If there’s something going on in your body that you’re not happy with, follow your instincts. Don’t be told you’re too young.
In September 2018, I was diagnosed with stage 3 colorectal cancer. If you’re not sure where that is, it’s so far down the colon it’s bordering on the rectum. It’s possibly the most undignified place to have a tumour as the diagnosis stage required various latex-covered fingers and cameras being shoved where the sun doesn’t shine, followed by lots of in-depth discussion around my butt. Apparently, my cancer is also most suited to men over 60, so when I see a new consultant, the first thing they remark upon is my age. I’m female and 41, but my symptoms started when I was just 40. I learnt very quickly that cancer isn’t pretty and it doesn’t discriminate.
My symptoms started becoming very noticeable the previous February: I had irritable bowels, the feeling that I needed to go to the toilet all the time (sometimes three or four times per hour) and occasionally I would pass blood. These symptoms were more annoying than painful and I never felt unwell. In fact, I was hitting personal bests in my fitness and feeling really strong and healthy overall. Initially, I thought perhaps I had IBS or Crohn’s disease. I went to the doctors, who reassured me I was too young to have anything ‘sinister’. They did blood and stool tests which came back clear. My symptoms came and went. I noticed they were particularly irritated after a big workout and I had flare-ups after eating certain foods, too. I pestered my doctor for further investigation, so he eventually booked me in for a colonoscopy.
My colonoscopy went as smoothly as it could, with me making very awkward conversation about the weather as complete strangers stood around my bottom. I was confident they hadn’t found anything as my consultant remarked that it wasn’t Crohn’s disease and I didn’t have ulcers. But when he came to chat with my husband and I afterwards, he showed me photos of a small growth and called it out straightaway. “I’ve taken biopsies, but I think this growth we can see is cancer. Now we need to find out what’s on the other side. I’ve booked you in for a CAT scan tomorrow.” I burst into tears. I could not believe what I was hearing.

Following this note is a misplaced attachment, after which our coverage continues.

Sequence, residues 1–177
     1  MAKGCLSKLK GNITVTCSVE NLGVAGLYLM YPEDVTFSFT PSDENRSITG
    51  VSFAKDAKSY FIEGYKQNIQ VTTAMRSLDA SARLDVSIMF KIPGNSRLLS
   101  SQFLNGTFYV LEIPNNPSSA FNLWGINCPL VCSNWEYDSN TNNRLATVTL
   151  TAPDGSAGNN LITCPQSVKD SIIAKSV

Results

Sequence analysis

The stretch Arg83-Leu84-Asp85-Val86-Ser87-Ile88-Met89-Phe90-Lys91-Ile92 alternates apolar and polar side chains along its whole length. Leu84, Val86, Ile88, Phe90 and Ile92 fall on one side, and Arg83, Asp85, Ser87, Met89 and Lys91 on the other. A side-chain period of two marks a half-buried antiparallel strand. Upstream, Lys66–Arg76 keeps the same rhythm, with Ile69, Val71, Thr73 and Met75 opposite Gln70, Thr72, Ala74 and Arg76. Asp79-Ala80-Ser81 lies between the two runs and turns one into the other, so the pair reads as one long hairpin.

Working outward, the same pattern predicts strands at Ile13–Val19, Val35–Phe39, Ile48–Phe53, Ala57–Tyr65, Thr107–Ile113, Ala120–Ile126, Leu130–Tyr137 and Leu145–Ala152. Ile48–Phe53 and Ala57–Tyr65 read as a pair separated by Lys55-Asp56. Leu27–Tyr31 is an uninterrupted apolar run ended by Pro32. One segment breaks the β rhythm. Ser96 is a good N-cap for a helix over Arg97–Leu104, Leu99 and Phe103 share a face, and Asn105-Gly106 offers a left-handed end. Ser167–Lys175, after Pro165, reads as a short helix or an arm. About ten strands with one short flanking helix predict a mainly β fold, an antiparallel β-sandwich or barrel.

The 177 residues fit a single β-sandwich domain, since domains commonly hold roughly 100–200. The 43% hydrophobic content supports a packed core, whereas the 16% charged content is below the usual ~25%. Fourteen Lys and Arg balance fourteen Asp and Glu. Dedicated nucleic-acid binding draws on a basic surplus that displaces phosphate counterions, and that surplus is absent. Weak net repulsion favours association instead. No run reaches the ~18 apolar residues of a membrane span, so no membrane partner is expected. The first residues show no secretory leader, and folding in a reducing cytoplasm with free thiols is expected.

The following six weeks were a flurry of scans, biopsies, hospital visits and operation. Cancer is a very time-consuming disease. It was a full two months from diagnosis to treatment. During this time, I had multiple conversations with friends and family, all eager to find out how I was. I was sent cards, flowers, chocolates, cake, even gin – being diagnosed is basically like having a morbid birthday, but it’s heart-warming to know how many people are on your side.
I went to the launch of We Get It after being invited by Sarah Baker. We’d been chatting via Instagram for some time after I contacted her. Through We Get It, I’ve sourced some really sound nutritional advice and been pointed in the right direction for exploring a holistic approach to run alongside my treatment. I also did lots of my own research as a spin-off from the advice I’d been given and read a fantastic book called The Cancer Whisperer by Sophie Sabbage. All the help from We Get It has been so valuable to me already. I’m not even sure if being super disciplined about my nutrition is helping, but it makes me feel like I’m in control, which helps me feel less stressed. We all have different ways of dealing with stress and this is mine. I don’t think there are right or wrong ways of doing it, but I do believe that if it empowers you, do it. That’s the motto I live by now.
As I write this, I’m halfway through my first round of chemotherapy and radiotherapy treatment. At the moment I feel well. I get tired but I’m lucky I don’t have any of the horrendous side effects I’d been warned about. This phase feels like having a safety net below me. It’s the active part of this journey, not just watching and waiting, but doing. I don’t know what the future holds. My only urge is to say to anybody reading this, if there is something going on in your body that you’re not happy with, follow your instincts, pester your doctor, be seen, don’t be told you’re too young. And be assured if you are diagnosed with the ‘Big C’, there are people there to help you. You are not alone.